There’s such a thing as irony, and when we lack it, we’re anemic (and that’s a thing called paronomasia, or punning, or wordplay). But no matter what we call it, what’s at the heart of my personal irony today is the movie Eternal Sunshine of the Spotless Mind. I have never seen it. But I have read parts of it, and I have read parts about it.
It began the second or third day of my Creative Writing class. We were covering screenplays and we were reading an example, and this was the movie my teacher decided to bring in. We read the opening of the script. We watched a couple clips on YouTube. We–rather, the people who had seen it–talked a bit about it. And then I ran to the library, checked the stock, and saw we didn’t have it. Ergo, I did not watch it.
Where’s the irony, you say?.
Today, as I booted up my computer and signed in, I was considering what things I wanted to do for Chanukah. I know I’m going to write a post a day for eight days and each day will be something somehow related to Chanukah, but somehow not just about Chanukah… and I want to use this opportunity to continue my series of things I’m thankful for (and finally after a year and a half reach my halfway mark), but I was still short on ideas. Do I go generic and write about lights and latkes? Do I go far out and write about things barely oiled and fried, but possessed of a greater depth and all eleven dimensions? And what, what was the name of that Chanukah book I read a few years back that broke this all down already?
I opened my browser.
I logged into WordPress.
And there I saw a post about Eternal Sunshine and the new Facebook Timeline (you can read it here). Reading it I was reminded of that time, in Creative Writing, when we read this script. And I was reminded of that time, on Rosh HaShanah, right around when the movie came out, that my rabbi spoke about it during his sermon, how he mused about the ability to erase our every thought, how he perplexed us with the question of whether or not we would do the same if given the chance or instead choose to remember our past but to live in spite of it….
I hadn’t thought about that sermon in years.
I was at a bar with friends last night. I drank only water (and laughed at all the drinks’ names) but what stands out is how one of the people I was with made an offhanded comment about how sometimes we don’t remember things until we’re reminded of them, but then the memory sticks with us and stays on our minds for weeks. That’s how it really happens. Our entire history is here within us, waiting to be drawn out, but only when the keys of memory have slipped in and the gates of time are opened again.
I’m afraid to forget. I hold onto things of trivial importance because when I hold onto them, I remember where they came from. The PokeWalker on my shelf brings me to my youth, when all that mattered was how many gym badges I had accrued. The painted plastic Miriam’s cup on my bookshelf (ironically stationed next to a mechanical plastic Pikachu whose ears wiggle when you push his tail down) reminds me of my year as madrich with the fourth grade, three students strong. The NaNoWriMo posters on the wall behind me remind me of my first year (when worried I wouldn’t have enough for fifty-thousand words I paced in an open field near where my dad lived, brainstorming a dozen tales I could tie into one) and my first year as an ML (when I wrote a collection of short stories, only maybe one of which was any good).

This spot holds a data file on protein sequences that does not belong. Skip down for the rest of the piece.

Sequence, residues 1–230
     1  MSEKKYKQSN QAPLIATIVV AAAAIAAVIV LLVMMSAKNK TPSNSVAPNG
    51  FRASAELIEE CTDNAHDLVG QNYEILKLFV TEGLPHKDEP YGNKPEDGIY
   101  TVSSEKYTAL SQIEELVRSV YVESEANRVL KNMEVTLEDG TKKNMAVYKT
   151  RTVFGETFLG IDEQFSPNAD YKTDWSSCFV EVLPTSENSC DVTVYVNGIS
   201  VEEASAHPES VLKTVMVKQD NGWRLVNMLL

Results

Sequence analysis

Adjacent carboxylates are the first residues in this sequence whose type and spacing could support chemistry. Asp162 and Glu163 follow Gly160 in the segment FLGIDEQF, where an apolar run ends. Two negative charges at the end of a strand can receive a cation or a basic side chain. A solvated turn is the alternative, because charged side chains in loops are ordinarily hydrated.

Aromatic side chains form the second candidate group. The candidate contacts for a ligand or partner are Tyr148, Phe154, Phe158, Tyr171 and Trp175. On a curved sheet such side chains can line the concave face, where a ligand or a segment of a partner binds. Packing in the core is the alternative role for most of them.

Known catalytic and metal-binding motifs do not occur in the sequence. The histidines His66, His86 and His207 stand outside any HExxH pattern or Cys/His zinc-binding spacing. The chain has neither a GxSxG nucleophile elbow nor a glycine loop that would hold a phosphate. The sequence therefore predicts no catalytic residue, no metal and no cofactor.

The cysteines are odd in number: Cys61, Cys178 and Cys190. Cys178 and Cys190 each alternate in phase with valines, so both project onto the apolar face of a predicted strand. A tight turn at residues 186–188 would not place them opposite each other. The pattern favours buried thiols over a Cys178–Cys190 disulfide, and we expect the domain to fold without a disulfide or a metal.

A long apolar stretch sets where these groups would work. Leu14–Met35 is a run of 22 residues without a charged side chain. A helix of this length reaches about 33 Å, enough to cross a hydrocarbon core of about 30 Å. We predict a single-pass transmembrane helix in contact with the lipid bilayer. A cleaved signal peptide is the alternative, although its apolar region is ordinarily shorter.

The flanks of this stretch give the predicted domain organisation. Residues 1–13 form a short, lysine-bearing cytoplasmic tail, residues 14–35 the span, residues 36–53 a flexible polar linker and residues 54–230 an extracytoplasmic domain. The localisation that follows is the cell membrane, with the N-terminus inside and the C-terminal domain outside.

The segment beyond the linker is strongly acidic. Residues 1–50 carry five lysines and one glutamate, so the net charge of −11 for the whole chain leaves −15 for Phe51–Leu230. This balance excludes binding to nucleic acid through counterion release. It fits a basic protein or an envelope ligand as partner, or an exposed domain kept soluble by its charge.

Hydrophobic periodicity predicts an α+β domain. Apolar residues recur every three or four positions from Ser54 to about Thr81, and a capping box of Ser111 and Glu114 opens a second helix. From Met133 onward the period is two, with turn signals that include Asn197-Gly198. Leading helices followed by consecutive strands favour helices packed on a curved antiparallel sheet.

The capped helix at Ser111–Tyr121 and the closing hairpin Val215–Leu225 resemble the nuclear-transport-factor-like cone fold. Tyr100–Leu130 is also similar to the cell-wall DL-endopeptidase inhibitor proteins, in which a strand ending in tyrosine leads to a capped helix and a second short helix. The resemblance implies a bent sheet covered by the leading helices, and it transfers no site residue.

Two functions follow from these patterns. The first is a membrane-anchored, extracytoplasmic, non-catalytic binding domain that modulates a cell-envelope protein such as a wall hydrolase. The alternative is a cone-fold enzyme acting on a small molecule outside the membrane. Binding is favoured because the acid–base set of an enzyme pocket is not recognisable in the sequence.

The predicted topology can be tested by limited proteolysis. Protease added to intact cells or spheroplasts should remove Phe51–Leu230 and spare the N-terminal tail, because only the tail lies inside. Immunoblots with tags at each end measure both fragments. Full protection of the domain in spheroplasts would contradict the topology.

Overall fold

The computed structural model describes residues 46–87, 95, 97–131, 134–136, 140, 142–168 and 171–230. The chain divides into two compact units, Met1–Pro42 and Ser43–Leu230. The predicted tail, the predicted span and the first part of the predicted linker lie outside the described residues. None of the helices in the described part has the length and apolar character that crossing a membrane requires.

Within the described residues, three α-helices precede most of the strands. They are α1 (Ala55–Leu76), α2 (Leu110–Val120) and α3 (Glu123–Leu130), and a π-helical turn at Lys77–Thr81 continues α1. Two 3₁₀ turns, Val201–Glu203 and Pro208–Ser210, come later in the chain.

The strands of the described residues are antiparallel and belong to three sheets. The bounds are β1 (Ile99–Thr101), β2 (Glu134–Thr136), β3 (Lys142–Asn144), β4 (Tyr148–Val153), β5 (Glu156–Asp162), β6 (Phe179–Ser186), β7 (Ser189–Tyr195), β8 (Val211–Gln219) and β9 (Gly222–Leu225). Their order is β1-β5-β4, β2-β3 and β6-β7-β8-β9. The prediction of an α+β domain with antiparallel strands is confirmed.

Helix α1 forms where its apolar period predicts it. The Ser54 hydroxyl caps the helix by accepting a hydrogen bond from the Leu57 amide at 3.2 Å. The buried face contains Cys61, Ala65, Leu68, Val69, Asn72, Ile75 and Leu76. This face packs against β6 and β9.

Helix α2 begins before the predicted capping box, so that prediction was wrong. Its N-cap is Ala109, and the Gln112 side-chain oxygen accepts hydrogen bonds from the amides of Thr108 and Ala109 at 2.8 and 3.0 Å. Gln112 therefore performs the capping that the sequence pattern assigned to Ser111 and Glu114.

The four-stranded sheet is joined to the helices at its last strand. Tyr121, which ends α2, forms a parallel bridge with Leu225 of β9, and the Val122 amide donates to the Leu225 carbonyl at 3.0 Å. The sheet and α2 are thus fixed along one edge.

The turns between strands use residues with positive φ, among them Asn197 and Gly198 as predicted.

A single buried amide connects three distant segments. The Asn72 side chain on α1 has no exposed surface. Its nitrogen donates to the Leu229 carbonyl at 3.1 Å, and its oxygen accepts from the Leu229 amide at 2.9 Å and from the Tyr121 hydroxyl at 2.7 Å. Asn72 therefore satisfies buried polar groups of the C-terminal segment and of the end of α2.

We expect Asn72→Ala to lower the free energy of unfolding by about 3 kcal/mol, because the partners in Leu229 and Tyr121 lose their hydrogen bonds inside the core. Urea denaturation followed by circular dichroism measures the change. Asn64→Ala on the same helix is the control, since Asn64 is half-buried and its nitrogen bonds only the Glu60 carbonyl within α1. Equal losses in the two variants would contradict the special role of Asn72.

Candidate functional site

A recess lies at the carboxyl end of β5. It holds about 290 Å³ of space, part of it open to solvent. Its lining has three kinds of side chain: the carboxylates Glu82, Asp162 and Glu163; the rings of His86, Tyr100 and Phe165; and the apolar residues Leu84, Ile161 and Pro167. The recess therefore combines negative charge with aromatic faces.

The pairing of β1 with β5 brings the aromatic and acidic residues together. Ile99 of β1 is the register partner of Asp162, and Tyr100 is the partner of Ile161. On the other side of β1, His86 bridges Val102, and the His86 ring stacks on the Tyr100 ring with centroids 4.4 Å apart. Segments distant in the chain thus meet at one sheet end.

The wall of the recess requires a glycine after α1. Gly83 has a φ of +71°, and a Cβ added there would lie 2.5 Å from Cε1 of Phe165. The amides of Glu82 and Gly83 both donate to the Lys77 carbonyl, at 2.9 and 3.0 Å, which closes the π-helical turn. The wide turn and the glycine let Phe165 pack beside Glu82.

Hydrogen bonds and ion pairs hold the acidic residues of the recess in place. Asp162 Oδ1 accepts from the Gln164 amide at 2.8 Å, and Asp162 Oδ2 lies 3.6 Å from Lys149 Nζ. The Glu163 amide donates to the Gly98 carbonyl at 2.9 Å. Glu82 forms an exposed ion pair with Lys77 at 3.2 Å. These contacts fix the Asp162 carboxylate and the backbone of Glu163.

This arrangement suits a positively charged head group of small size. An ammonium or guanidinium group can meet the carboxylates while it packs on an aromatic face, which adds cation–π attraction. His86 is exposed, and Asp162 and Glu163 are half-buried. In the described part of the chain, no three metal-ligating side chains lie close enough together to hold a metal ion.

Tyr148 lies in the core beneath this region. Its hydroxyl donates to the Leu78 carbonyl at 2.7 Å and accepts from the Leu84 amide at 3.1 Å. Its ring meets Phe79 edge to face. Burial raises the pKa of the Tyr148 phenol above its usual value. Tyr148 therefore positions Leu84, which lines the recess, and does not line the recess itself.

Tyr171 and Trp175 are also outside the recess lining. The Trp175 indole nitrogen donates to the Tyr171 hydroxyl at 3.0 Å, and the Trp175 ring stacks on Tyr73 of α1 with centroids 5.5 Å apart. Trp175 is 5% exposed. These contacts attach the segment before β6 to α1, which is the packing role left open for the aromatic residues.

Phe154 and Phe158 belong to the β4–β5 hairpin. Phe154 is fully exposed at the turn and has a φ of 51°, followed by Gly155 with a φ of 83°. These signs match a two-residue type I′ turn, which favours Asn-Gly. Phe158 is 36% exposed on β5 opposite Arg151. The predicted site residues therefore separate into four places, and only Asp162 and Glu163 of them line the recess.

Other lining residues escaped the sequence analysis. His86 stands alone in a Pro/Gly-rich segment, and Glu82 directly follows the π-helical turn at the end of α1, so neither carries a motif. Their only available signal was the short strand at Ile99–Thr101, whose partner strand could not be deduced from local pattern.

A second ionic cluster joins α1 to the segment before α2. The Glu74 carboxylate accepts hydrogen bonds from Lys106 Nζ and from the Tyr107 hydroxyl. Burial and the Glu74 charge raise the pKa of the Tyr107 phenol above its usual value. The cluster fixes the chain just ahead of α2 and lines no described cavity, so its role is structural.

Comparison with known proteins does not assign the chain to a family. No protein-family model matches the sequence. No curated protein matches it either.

These things are all parts of me. Strong parts of me. I’m afraid sometimes if I let them go, if I forget them, I will lose who I am. I may be the sum of my past, the product of my experiences, but history is accrued exponentially and no amount of material goods can define me.
Yet I still hold on.
Amid all this morbidity, amid all this irony, I’ve always wanted to keep a memory journal, a book whose bindings were for nothing more than writing down feathers of my past as they blew toward me in the whirlwind of life. I have started one, but I want to begin adding some here, just to keep a record, to make sure–if all else fails–I will not vanish with my memories, but have something I can return to.
So today, this first day of Chanukah, I’m thankful for something special–for memories. I’m thankful we, as humans, were blessed with this capacity to look back and imagine. I’m thankful of the moments, thought lost, that come back without warning, for better or worse–like that time I went running in the rain in search of rainbows, and we splashed through puddles in alleyways I had never seen before, or that time, with that person, in the kitchen (I’ll say nothing more), or when in the middle of the night, I was stirred from my sleep….
Memories define us. Where we hold our memories shapes us. We are a collection of volumes of our own personal history, and we get to be the editors. We get to decide the chapters and paragraphing, the headlines and bylines. No more shall I read a book on World War II and only see the Holocaust in a single sentence–for in my world, in my tome, I get to decide what carries weight, and I say it warrants more than a passing word. I get to slow down along the edges of all my favorite moments, and I get to press fast-forward when nothing else is going on.
Maybe this is why I journal. Maybe this is why I try. I fall behind for months at a time, but I fail to think straight till I’m all caught up. I need to know I remember, I need to know I won’t forget–so I hold onto things until I can release them, I hold onto things until I get a chance to write them down. And then I’m free. And then, no matter how many memories may escape me, I’ve still got them saved and safe where I can find them, where they’ll always be.
It’s raining as I write this. Oh, the memories the rain brings.